StakeHound has announced that it is suing crypto-custody firm Fireblocks for the loss of 38,178 ETH that has been rendered inaccessible due to negligence of the company. The press release said that they had been informed of the incident on the 2nd of May 2021. But all efforts to resolve the issue were not successful.
This has led to StakeHound to begin proceedings with the Isreali High Court on the 22nd of June.
The loss is attributed to a series of errors on the part of Fireblocks. Apparently, Fireblocks did not generate their private keys in a secure production environment. Furthermore, they did not include the private keys that would be required to decrypt their 2-key shares in the backup. And somehow, the firm had managed to lose both keys.
This means that there is currently no way to access over 38,000 Ethereum in staked coins.
How The Loss Happened
According to the filing with the Tel Aviv court, there were no backups made for the recovery of the coins.
It is still unclear how exactly a crypto-custody firm managed to lose both keys with access to the coins.
StakeHound however blames Fireblocks for the loss. The Isreali court was told that it was most likely a negligence issue on the part of an employee. Point out that no backups were made by Fireblocks to the wallet keys.
In the filing, StakeHound states; “This is a human error committed by an employee of the defendants. Who worked in an unsuitable work environment. Did not protect or backup the defendant’s private keys needed to open the relevant digital wallet. And for no apparent reason, the keys were deleted. Preventing the plaintiff’s digital assets from being accessed.”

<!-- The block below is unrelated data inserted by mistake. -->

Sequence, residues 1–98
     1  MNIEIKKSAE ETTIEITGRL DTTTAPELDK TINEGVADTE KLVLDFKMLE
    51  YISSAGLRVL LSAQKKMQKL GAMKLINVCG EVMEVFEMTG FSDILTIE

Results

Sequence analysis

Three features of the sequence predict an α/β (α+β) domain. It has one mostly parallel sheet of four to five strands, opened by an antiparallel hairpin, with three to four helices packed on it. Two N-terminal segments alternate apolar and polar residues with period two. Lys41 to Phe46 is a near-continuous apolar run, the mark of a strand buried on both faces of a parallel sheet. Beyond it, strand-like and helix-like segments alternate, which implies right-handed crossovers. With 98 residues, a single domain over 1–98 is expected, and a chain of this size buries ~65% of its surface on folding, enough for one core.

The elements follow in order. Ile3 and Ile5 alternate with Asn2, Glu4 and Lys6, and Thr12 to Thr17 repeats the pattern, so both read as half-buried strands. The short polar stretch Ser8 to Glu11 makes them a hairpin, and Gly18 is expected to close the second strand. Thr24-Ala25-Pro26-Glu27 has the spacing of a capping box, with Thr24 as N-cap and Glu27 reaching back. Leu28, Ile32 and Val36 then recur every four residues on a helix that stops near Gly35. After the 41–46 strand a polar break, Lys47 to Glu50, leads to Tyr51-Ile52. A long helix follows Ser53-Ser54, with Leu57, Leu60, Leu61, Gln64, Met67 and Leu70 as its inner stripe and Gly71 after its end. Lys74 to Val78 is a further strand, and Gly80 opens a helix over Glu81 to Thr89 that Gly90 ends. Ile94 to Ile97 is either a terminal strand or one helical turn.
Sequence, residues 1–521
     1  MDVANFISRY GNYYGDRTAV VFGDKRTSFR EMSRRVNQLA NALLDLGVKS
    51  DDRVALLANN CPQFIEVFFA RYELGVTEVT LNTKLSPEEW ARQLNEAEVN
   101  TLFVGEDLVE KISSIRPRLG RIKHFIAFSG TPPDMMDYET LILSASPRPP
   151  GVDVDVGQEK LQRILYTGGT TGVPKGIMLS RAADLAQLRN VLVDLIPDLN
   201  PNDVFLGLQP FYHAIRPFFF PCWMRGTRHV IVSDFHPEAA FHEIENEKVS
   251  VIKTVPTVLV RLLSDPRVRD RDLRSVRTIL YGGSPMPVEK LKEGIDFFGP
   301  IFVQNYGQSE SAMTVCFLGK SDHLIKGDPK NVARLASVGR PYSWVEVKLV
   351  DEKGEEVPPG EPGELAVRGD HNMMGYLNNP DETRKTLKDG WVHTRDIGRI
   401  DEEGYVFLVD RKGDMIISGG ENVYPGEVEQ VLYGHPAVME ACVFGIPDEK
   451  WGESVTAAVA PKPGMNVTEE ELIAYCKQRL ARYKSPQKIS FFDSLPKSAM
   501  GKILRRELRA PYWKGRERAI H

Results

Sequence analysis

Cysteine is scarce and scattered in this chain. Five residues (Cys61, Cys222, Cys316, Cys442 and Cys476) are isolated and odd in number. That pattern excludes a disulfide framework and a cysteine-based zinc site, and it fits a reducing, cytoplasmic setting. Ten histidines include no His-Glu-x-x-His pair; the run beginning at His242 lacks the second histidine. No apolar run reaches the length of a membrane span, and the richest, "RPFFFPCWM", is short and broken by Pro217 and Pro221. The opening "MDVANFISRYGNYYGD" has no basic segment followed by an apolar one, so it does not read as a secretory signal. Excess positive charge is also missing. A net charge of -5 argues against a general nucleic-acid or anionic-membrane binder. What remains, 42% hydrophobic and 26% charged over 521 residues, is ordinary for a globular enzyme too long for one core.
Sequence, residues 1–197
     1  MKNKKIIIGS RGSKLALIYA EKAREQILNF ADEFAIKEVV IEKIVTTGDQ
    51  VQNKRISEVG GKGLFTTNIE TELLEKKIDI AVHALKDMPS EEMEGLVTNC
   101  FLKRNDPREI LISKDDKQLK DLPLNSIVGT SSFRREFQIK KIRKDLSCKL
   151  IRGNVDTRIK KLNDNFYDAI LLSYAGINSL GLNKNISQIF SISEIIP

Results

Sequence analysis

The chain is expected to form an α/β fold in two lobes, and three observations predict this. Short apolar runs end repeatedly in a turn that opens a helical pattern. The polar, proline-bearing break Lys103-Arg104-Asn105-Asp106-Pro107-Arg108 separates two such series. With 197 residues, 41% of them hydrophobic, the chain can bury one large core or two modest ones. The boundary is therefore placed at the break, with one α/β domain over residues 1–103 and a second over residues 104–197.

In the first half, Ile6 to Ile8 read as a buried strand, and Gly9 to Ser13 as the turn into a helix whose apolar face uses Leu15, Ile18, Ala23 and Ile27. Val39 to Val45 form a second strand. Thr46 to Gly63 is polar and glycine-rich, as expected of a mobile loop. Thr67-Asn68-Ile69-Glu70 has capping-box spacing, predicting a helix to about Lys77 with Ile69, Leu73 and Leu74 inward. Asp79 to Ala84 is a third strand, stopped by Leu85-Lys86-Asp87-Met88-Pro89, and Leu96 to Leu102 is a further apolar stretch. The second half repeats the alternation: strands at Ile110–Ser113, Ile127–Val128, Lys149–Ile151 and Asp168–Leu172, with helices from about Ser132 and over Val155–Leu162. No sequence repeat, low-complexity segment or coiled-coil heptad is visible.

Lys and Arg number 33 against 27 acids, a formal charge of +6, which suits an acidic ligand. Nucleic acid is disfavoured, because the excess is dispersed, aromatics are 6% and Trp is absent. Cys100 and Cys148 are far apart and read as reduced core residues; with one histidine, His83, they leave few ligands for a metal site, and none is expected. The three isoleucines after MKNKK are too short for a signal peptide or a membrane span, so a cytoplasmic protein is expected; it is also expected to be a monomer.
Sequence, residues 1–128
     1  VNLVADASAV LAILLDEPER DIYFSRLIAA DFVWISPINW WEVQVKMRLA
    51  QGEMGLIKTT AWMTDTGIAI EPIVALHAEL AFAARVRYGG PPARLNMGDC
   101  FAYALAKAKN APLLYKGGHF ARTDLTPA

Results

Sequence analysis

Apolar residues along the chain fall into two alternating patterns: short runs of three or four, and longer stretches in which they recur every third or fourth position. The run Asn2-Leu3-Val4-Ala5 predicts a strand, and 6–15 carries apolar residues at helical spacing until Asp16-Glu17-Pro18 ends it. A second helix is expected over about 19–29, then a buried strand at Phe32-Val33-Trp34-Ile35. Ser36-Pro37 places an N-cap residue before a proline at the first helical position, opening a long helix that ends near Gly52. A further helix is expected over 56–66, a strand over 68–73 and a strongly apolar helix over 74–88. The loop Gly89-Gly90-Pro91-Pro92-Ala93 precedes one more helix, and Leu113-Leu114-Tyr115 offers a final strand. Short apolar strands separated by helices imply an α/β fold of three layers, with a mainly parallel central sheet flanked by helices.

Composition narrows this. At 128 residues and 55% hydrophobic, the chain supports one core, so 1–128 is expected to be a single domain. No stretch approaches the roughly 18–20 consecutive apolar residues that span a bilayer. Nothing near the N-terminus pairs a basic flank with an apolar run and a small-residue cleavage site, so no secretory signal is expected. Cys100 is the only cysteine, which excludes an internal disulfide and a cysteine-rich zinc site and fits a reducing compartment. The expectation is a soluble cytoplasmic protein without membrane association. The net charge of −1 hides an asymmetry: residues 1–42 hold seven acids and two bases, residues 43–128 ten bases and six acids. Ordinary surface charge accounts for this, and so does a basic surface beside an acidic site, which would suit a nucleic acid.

But Fireblocks has denied these claims. CEO Michael Shaulov also pointed out that his company has never lost any keys before.
The CEO of Fireblocks said that all keys with the company backup automatically. And the keys continuously back up every 10 minutes to three different locations.
Fireblocks said that the fault was not from them as they were not contractually obligated to store part of the keys.
The company said that the keys were generated and stored outside of the Fireblocks platform.
According to Fireblocks, they discovered the loss when they were performing a routine disaster drill in April of 2021. It was during this that they realized that the keys could not be decrypted. Since they had no obligation to backup the keys, they had advised the customer (StakeHound) to backup the keys with a third-party disaster recovery service.
Within a few hours, the Fireblocks team had concluded that there was no third-party backup made. All transactions that that ETH address was suspended.
What This Means For StakeHound Users
Stakers on StakeHound whose coins are held in the wallet with the lost keys risk losing their staked coins.
Staking on a pool in which you have no access to the private keys puts you at risk of losing your coins. And that is what is going to happen if the companies are not able to decrypt the wallets. Without access to the private keys, the coins basically do not belong to you.
This is where the famous “not your keys, not your coins” comes into play.
Staking is currently the new rave in the crypto space with ETH 2.0 coming. People are staking coins with pools without fully realizing the risks associated with doing so. Once you send your coins to a wallet that you do not control the private keys, those coins basically stop being yours.
So for thousands of StakeHound users, this most likely spells bad news for them if the coins cannot be transferred.
It’s the same thing as when an exchange gets hacked and your coins get stolen. There is no way for you to properly protect your coins because you do not control the private keys.
Fireblocks has said that they will continue investigating the situation.
Meanwhile, StakeHound said they will release a public statement in the coming weeks describing the next steps. But will perform a smart contract upgrade with immediate effect. This will allow for the removal of stETH from the liquidity pools. Also preventing it from being sent to the pools.
The company will continue to purchase and distribute token rewards according to its Terms and Conditions.
Featured image from Cryptopolitan, chart from TradingView.com